One of Sweetwater Union High School District superintendent Ed Brand’s pet projects suffered a setback at the hands of National City planning commissioners on the night of August 5.
Brand’s idea to establish Alliant International University on the grounds of the National City Adult School met resistance by the commissioners, who voted unanimously to return to the agenda item on September 16.
In order to proceed with the plan, the district needed the planning commission to grant a conditional use permit to allow Alliant University to share property dedicated to National City Adult School. The setback was unanticipated, as Brand has already signed a memorandum of understanding with Alliant and begun to enroll students for the fall semester.
A number of speakers opposed changing the conditional use permit. One speaker, Michelle Krug, pointed out that the Adult Education Center was constructed with redevelopment money and that taxypayers had paid for an adult education building, not a private university.
Brian Clapper, a member of the National City Chamber of Commerce, reminded the commissioners that not long ago the Sweetwater district had fostered the opportunity for Sweetwater students to enroll in Grand Canyon University — a for-profit religious school.
Many speakers addressed the issue of student debt. Commissioner Allie Pruitt led the rebuff. The original intent of establishing the adult education center, she said, was to provide a safety net for students in National City who are having a hard time getting their high-school diplomas. She asked the Alliant representative, “Why would a growing university perch in a small community like National City?… Why rob our children of their future?”
Dr. Guadalupe Corona, director of Alliant’s Latino Achievement Initiative, fielded the questions from commissioners. She assured them that Alliant was not a for-profit university and that students would not accumulate debt because Pell Grants, Cal Grants, scholarships, and incentives for Sweetwater graduates would be available.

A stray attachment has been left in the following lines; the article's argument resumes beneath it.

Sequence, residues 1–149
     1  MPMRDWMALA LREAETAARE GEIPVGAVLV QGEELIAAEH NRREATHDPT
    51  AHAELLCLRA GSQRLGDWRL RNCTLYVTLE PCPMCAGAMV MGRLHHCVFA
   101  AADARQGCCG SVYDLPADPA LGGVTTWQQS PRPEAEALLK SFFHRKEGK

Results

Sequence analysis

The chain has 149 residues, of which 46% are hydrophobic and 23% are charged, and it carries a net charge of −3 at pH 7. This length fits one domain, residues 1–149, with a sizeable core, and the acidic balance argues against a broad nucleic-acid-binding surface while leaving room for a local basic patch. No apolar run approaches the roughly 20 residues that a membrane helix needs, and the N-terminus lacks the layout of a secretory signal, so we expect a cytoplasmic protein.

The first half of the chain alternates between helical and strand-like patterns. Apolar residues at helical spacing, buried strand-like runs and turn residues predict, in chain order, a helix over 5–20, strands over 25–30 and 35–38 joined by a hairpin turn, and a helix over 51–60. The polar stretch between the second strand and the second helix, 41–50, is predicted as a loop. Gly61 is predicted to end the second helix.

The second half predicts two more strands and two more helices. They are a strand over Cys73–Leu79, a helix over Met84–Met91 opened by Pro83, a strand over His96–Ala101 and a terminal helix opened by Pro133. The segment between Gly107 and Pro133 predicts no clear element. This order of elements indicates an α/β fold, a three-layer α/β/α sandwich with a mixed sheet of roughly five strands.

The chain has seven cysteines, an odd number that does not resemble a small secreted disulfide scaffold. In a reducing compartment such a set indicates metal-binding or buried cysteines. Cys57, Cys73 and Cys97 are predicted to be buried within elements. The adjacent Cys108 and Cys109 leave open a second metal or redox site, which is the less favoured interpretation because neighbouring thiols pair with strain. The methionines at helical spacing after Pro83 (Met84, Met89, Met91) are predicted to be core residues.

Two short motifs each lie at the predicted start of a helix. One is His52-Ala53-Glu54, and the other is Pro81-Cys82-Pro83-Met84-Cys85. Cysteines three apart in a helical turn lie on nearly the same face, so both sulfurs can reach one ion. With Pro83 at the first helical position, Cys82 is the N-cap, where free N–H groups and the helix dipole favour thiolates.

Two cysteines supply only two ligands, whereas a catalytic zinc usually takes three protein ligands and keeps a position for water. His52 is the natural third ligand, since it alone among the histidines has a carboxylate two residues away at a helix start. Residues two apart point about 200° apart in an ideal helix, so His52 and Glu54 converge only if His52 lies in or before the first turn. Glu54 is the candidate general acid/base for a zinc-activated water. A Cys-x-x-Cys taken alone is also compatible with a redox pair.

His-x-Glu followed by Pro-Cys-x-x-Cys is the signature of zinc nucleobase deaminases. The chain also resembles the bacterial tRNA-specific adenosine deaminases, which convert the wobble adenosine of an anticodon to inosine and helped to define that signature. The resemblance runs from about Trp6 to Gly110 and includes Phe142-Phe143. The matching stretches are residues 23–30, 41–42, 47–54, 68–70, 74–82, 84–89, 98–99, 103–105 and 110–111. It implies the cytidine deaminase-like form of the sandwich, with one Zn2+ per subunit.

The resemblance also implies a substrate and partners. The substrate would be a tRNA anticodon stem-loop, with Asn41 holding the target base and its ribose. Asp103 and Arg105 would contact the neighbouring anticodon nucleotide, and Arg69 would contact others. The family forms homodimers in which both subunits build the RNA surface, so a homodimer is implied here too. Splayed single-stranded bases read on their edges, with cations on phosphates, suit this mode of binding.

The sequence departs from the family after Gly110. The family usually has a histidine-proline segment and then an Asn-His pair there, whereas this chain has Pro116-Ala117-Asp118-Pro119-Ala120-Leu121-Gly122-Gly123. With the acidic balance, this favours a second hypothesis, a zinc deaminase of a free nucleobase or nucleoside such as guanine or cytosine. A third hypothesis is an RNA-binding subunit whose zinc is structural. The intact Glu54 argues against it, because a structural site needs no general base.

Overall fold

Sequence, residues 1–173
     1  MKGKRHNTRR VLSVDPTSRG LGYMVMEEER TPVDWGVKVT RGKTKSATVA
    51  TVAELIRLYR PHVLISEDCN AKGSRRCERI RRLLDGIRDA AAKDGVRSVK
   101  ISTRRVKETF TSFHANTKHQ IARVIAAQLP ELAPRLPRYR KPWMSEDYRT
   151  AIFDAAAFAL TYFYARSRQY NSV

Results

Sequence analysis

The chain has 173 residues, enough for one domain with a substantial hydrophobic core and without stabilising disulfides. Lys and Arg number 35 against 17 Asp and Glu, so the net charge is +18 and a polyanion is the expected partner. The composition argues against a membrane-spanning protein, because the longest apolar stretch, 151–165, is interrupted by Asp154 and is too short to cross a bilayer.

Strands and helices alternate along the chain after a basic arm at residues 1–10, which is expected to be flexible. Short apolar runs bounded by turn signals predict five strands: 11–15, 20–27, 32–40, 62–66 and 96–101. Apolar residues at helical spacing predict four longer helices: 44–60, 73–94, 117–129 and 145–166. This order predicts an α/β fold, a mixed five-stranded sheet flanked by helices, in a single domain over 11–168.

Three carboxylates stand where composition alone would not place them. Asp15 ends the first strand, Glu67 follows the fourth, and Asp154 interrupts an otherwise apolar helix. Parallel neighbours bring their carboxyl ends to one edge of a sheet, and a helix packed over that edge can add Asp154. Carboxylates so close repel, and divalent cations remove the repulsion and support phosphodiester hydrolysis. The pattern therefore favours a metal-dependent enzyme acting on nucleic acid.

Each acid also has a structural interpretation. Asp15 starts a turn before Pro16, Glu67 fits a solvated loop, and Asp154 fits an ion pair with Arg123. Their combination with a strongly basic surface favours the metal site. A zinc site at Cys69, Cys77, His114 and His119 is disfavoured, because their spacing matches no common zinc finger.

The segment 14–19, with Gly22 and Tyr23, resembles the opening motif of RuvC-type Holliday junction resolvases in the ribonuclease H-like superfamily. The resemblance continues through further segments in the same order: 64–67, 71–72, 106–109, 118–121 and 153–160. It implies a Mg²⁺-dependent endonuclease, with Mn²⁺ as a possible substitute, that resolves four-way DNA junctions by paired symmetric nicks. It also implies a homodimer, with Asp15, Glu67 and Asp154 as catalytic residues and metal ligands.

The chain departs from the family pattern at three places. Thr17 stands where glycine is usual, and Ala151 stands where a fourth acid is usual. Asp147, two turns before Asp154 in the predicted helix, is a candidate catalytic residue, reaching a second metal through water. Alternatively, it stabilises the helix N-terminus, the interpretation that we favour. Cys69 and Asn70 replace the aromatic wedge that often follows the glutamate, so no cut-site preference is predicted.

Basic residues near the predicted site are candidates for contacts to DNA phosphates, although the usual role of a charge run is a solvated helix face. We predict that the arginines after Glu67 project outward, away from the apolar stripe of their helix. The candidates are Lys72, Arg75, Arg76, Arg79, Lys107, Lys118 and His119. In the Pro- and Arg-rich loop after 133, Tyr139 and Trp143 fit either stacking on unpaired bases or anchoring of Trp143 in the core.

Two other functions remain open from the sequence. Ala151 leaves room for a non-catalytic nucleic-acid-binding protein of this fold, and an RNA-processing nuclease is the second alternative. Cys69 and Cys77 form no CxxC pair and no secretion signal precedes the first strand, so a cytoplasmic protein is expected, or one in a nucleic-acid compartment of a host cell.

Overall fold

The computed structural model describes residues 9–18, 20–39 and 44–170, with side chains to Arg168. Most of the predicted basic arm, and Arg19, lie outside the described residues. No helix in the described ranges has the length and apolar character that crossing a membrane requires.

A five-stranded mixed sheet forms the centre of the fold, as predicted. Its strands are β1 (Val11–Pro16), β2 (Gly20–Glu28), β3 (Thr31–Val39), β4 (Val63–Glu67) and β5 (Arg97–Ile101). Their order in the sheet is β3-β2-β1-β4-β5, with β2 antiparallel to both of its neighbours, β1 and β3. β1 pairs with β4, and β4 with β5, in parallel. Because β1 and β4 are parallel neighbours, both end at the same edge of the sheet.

After the vote was taken, when Corona was in the foyer, she responded to additional questions. Corona repeated what she said to commissioners: that there was a lot of “free money available to students.” She said that about 10 students had already been recruited, perhaps 30 more were in the pipeline, and that a lot of recruiting was done through websites and by phone. When asked who was doing the calling, Corona said she was doing some and people from Promise Neighborhood were doing some.
Promise Neighborhood is a multimillion dollar federal grant administrated by South Bay Community Services, a nonprofit agency that provides the area with many social services.
In an August 6 interview, Kathryn Lembo, CEO of South Bay Community Services, said Promise Neighborhood was not recruiting for Alliant. She said the grant, which was modeled on the Harlem Children’s Zone, is intended to foster education from “cradle to career.” She said academic advocates from the program contacted families in the catchment areas, which includes some Sweetwater schools, to advise them of post-secondary opportunities and to help them with financial barriers.
She said, “We were not doing outreach [for Alliant]; we just got all the new information on Alliant in July…it was an opportunity for an early college program free to the students. We wanted to let people know that Hilltop High School and Olympian High School were going to provide general education courses that were free and the fall classes start August 26. Lembo also said, “We only called houses where children who were 12th- or l1th-graders lived.”
Meanwhile, it seems the Sweetwater district intends to offer Alliant classes on high school campuses this fall: a flier about the cost of the classes states that “Alliant has reduced the cost of tuition for our district…BUT the district has obtained sponsors so the cost of tuition is FREE.”
Reached for a comment, Sweetwater district trustee Bertha Lopez said on August 6 that Brand never advised the board that classes would be held on high-school campuses for 11th- and 12th-graders. “It doesn’t surprise me," she said. "Dr. Brand’s implementation of these projects always lack planning, but he knows he can count on three votes on the board.”
(revised 8/7 8 a.m.)